Sex-dependent effects of G protein-coupled estrogen receptor activity on outcome after ischemic stroke

Bradley Randal Scott Broughton, Vanessa H Brait, Helena H A Kim, Seyoung Sandy Lee, Hannah X Chu, Chantelle V Gardiner-Mann, Elizabeth Guida, Megan A Evans, Alyson Anne Miller, Thiruma Arumugam, Grant R Drummond, Christopher G Sobey

Research output: Contribution to journalArticleResearchpeer-review

Abstract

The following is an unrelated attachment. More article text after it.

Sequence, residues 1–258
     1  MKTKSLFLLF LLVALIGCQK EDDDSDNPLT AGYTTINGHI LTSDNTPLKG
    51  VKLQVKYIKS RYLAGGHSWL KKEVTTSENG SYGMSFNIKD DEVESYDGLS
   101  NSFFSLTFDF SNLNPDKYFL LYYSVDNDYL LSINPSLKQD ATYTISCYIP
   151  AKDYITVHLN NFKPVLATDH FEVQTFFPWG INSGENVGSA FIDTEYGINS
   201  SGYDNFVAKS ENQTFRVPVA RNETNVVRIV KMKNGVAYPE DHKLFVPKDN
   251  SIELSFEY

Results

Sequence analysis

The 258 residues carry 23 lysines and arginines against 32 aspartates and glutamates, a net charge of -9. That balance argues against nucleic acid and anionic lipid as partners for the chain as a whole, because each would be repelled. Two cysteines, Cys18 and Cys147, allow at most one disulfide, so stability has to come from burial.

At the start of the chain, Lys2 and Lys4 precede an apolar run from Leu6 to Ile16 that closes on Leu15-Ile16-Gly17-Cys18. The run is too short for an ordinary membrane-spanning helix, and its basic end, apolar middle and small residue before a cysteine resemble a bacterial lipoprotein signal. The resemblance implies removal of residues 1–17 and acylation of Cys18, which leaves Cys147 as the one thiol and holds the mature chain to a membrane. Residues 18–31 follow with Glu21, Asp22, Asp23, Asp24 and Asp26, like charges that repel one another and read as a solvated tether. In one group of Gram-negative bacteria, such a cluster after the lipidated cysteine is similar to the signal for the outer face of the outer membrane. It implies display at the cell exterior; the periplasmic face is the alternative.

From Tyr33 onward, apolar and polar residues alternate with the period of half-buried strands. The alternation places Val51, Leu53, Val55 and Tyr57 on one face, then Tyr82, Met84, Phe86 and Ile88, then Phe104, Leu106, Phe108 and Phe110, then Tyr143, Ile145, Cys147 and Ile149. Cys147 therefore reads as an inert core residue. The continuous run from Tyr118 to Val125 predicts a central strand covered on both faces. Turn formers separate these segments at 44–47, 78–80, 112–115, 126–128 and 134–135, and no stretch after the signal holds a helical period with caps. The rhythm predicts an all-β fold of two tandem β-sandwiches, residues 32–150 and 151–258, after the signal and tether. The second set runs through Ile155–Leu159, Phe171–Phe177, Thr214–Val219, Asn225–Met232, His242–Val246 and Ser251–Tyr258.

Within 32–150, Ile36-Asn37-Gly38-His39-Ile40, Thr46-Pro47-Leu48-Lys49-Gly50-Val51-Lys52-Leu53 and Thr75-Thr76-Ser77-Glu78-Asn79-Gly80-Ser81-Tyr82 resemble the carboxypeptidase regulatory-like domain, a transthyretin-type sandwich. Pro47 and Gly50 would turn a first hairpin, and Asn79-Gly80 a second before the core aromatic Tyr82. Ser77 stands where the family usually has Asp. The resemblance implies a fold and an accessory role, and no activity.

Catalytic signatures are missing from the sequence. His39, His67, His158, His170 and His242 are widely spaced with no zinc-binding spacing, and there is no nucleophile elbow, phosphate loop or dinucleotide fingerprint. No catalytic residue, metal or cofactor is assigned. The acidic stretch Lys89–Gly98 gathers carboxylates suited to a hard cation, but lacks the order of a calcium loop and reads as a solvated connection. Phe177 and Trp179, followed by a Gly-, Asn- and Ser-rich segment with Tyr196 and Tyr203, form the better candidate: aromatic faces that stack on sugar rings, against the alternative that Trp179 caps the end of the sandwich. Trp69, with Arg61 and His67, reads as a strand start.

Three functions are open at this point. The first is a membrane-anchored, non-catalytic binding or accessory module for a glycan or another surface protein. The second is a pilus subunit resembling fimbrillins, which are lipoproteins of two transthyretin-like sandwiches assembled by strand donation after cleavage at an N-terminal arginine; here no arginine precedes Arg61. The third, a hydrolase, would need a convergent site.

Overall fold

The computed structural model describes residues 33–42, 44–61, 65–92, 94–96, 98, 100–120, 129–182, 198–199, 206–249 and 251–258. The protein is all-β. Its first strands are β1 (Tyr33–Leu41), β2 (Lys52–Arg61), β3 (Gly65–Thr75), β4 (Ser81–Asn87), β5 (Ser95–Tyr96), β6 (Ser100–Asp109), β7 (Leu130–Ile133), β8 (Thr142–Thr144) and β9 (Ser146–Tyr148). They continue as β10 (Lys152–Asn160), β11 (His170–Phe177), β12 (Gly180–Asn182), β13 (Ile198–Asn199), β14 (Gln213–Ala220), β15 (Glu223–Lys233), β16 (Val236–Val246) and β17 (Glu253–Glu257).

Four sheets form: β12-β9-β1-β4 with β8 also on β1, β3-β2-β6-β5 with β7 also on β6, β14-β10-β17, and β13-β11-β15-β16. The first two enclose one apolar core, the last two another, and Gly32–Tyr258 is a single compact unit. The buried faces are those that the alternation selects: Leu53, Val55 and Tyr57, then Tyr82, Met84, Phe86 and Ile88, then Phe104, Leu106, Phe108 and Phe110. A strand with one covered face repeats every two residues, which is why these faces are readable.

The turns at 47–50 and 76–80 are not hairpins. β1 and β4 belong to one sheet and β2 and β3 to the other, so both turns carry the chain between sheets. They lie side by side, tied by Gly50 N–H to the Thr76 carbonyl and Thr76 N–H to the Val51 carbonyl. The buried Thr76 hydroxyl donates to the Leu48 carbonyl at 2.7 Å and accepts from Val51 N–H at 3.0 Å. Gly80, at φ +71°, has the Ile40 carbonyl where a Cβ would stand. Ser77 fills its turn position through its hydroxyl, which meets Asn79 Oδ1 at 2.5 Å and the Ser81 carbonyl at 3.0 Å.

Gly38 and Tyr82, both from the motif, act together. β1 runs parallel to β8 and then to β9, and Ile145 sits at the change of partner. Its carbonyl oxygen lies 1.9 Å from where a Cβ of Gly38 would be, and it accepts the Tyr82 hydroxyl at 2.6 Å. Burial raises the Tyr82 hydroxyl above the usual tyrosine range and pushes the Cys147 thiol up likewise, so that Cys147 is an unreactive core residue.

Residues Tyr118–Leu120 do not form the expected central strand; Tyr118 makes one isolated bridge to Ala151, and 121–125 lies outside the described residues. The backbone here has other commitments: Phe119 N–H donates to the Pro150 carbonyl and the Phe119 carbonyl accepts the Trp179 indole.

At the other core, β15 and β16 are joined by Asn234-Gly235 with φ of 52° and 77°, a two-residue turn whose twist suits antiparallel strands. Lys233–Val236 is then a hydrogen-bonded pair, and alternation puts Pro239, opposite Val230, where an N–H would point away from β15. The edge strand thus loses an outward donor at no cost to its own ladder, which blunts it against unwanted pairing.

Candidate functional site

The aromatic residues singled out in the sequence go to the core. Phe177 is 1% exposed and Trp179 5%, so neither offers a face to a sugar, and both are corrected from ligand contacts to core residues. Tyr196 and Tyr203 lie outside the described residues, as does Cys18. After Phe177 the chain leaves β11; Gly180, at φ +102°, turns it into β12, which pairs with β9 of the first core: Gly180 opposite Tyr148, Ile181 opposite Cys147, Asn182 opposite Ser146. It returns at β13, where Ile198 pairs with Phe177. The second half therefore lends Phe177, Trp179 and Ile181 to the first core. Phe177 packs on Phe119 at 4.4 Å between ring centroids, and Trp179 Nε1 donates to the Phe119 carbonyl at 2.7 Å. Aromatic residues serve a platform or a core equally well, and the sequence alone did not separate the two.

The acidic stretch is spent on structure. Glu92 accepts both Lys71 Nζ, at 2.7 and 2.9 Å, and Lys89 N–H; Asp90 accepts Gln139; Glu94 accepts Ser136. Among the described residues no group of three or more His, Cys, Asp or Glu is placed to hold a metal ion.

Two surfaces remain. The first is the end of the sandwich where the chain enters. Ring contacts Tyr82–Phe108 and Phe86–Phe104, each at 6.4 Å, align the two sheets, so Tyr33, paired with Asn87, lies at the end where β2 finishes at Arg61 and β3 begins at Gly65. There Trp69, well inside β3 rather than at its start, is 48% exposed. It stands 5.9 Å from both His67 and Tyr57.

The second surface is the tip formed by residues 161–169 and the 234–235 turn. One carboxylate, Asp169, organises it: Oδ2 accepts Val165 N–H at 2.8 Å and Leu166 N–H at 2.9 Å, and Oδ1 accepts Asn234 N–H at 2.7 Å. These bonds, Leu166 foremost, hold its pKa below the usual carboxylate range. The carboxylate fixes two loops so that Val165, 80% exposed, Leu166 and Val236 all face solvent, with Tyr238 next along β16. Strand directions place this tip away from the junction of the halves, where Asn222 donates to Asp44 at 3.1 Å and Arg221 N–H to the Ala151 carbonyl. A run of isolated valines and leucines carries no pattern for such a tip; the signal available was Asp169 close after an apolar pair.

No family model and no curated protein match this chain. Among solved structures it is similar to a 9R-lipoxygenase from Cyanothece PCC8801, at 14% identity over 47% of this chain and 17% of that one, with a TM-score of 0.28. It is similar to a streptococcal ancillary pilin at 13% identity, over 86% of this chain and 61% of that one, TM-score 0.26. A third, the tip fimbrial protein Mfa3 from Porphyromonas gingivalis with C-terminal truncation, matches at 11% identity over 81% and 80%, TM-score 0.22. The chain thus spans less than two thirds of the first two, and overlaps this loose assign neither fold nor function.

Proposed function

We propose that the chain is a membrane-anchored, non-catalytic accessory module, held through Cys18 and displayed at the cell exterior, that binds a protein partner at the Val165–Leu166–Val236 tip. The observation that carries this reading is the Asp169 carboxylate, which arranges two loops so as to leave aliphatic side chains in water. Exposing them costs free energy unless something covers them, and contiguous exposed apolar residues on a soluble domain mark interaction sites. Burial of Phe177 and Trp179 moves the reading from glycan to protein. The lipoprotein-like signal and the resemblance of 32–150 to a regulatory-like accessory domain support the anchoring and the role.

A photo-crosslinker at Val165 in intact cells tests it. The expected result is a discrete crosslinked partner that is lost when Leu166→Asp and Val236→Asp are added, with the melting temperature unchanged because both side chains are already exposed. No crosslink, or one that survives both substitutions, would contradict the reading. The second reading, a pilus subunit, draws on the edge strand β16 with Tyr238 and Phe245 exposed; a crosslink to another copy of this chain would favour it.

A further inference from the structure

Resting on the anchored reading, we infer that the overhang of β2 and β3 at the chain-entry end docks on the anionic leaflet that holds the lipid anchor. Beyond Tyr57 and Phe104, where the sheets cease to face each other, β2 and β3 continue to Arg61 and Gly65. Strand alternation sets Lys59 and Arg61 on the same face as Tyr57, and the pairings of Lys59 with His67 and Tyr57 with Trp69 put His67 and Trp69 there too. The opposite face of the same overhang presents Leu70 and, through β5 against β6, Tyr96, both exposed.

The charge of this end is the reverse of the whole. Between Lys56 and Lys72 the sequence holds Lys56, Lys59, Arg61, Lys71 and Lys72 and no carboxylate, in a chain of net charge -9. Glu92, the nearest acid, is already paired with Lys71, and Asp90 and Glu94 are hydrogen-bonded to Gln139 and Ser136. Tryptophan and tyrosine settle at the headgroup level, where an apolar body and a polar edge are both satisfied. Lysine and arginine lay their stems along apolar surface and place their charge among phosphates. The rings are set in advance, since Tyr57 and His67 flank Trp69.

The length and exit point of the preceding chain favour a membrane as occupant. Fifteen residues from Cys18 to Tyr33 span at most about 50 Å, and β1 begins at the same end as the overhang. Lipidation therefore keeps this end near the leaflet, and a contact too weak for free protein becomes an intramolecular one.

BACKGROUND AND PURPOSE: Experimental studies indicate that estrogen typically, but not universally, has a neuroprotective effect in stroke. Ischemic stroke increases membrane-bound G protein-coupled estrogen receptor (GPER) distribution and expression in the brain of male but not female mice. We hypothesized that GPER activation may have a greater neuroprotective effect in males than in females after stroke. METHODS: Vehicle (dimethyl sulfoxide), a GPER agonist (G-1, 30 mug/kg), or a GPER antagonist (G-15, 300 mug/kg) were administered alone or in combination to young or aged male mice, or young intact or ovariectomized female mice, 1 hour before or 3 hours after cerebral ischemia-reperfusion. Some mice were treated with a combination of G-1 and the pan-caspase inhibitor, quinoline-Val-Asp(Ome)-CH2-O-phenoxy (Q-VD-OPh), 1 hour before stroke. We evaluated functional and histological end points of stroke outcome up to 72 hours after ischemia-reperfusion. In addition, apoptosis was examined using cleaved caspase-3 immunohistochemistry. RESULTS: Surprisingly, G-1 worsened functional outcomes and increased infarct volume in males poststroke, in association with an increased expression of cleaved caspase-3 in peri-infarct neurons. These effects were blocked by G-15 or Q-VD-OPh. Conversely, G-15 improved functional outcomes and reduced infarct volume after stroke in males, whether given before or after stroke. In contrast to findings in males, G-1 reduced neurological deficit, apoptosis, and infarct volume in ovariectomized females, but had no significant effect in intact females. CONCLUSIONS: Future therapies for acute stroke could exploit the modulation of GPER activity in a sex-specific manner.